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Mechanics of the cytoskeleton: active polymer networks

Final Activity Report Summary - GELCELL (Mechanics of the cytoskeleton: active polymer networks)

The mechanical properties of cells are essential for many cell functions, including cell crawling, division and mechanosensing. Cell mechanics are controlled by an elastic network of interconnected semi-flexible protein filaments known as the cytoskeleton. The cytoskeleton has a highly organised, yet dynamic, structure which is regulated by a host of accessory proteins that control the length and spatial organisation of the filaments. The most important mechanical contribution stems from the actin cortex, a meshwork of filamentous (F-) actin under the plasma membrane. The actin cortex can withstand large external forces and, at the same time, it can actively generate forces which contribute to cell movement and division. Forces are generated by active processes which convert chemical energy, from hydrolysis of Adenosine triphosphate (ATP), into mechanical work. The actin filaments actively polymerise to generate pushing forces and myosin motor proteins actively slide actin filaments past one another to generate contractile forces. This implies that the cytoskeleton is an unusual type of soft condensed matter, since it is a non-equilibrium, active complex fluid that responds to biochemical signals.

The goal of this project was to elucidate how the structure and passive or active dynamics of the cytoskeleton determined its mechanical response, how was the mechanical stiffness correlated with cross-link density and filament organisation and how did motor-generated forces change the stiffness.

I used a parallel approach, combining studies of controlled in vitro model systems of purified proteins with studies of living cells. I firstly used a high-frequency microrheological method based on laser interferometry to measure the elastic and viscous shear moduli of actin networks over a large frequency window. I was able to identify new dynamic scaling regimes, with a regime dominated by single filament bending, in frequencies above 10 kHz, with a second one dominated by longitudinal tension propagation of above 100 Hz, and with third one dominated by filament entanglements and cross-links.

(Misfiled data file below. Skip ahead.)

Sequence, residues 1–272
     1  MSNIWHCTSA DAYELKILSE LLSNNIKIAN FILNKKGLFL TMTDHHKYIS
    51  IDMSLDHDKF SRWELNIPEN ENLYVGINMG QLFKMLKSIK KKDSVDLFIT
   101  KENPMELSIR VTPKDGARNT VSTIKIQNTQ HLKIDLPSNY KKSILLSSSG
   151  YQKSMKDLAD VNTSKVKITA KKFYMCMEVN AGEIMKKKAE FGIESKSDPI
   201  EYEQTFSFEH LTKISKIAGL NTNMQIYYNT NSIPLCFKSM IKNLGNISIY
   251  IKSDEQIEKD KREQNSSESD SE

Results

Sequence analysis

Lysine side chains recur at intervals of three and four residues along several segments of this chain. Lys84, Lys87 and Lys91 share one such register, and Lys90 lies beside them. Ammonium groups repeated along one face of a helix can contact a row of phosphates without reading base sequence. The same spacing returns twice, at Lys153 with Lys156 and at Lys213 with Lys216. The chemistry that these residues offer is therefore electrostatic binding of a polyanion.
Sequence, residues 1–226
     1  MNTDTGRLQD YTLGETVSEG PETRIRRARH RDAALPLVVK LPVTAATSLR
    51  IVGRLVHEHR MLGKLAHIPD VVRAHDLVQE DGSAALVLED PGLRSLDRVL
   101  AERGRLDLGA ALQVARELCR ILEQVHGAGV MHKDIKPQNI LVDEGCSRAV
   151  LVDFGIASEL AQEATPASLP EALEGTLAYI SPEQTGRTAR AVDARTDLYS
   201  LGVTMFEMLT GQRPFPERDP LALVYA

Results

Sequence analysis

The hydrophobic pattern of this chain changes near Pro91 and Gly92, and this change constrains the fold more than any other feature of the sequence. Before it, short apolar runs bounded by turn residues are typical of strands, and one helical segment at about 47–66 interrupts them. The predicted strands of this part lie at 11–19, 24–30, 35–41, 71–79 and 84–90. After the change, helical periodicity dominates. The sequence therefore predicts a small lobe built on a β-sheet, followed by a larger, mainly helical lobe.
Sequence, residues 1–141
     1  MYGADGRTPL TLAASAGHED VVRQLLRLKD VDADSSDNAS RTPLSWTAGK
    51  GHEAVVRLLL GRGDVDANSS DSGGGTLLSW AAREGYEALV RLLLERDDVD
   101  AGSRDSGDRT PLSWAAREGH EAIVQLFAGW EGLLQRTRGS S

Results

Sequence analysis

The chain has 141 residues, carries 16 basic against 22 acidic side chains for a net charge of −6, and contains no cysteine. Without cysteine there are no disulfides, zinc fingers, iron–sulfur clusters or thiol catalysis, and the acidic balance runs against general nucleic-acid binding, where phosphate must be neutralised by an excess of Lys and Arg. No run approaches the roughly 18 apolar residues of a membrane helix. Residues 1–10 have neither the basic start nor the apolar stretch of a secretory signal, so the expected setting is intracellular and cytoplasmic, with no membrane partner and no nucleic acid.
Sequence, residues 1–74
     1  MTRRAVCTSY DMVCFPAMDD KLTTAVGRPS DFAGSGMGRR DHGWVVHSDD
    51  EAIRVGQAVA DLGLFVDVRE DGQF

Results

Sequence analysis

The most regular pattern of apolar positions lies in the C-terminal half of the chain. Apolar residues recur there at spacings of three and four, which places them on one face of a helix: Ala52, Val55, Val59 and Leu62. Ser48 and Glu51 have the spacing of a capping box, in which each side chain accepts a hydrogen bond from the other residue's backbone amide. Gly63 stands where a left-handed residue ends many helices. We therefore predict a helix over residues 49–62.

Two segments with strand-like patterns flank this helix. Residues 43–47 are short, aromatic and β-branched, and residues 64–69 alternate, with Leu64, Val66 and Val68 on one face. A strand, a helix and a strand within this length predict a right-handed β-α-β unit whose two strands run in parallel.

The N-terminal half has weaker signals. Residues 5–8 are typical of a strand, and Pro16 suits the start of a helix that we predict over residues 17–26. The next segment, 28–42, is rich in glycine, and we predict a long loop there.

I went on to study the effect of different types of cross-linker proteins, i.e. the small, rigid cross-linker scruin and the large, highly floppy cross-linker filamin A. I discovered that the elastic response to an external shear stress was dominated by actin filament stretching when the cross-linker was rigid, and became sensitive to cross-linker stretching when the cross-linker was floppy. In the latter case, the cross-linked actin network stiffened dramatically, by a factor of 100 to 1 000, before breaking at large strains. This finding explained previously observed mechanical properties of adherent cells.

Finally, I added active myosin II motor proteins to generate contractile networks which mimicked more closely the living cell. I was able to demonstrate cell-like actin contractility, elasticity and non-thermal stress fluctuations. When the actin network was not cross-linked, the motors could only generate stresses on time scales of seconds. I measured these stresses directly by observing bending fluctuations of embedded, stiff microtubules. The microtubules showed short length-scale bending consistent with myosin contractile forces of 10 to 20 pN. When I also added a cross-linker, the motors were able to generate sustained tension. This resulted either in network contraction, when the network was floating, or in network stiffening, when the network was anchored to the sample chamber walls.

The actin-myosin model systems revealed molecular mechanisms underlying active contraction, stiffening and non-thermal fluctuations in cells. I measured the frequency and magnitude of non-thermal, motor-driven fluctuations in adherent Cos7 cells by employing endogenous, fluorescently labelled microtubules as microrheological probes. The microtubules in vivo showed similar bending as the microtubules in biomimetic actin-myosin networks, with similar forces, ranging from 10 to 20 pN, and time scales of seconds. Microtubules could thus be used as intracellular force probes.

In summary, I collected precise, quantitative measurements of mechanical properties of cytoskeletal protein networks which led to a fundamental understanding of the physical mechanics underlying cell mechanics.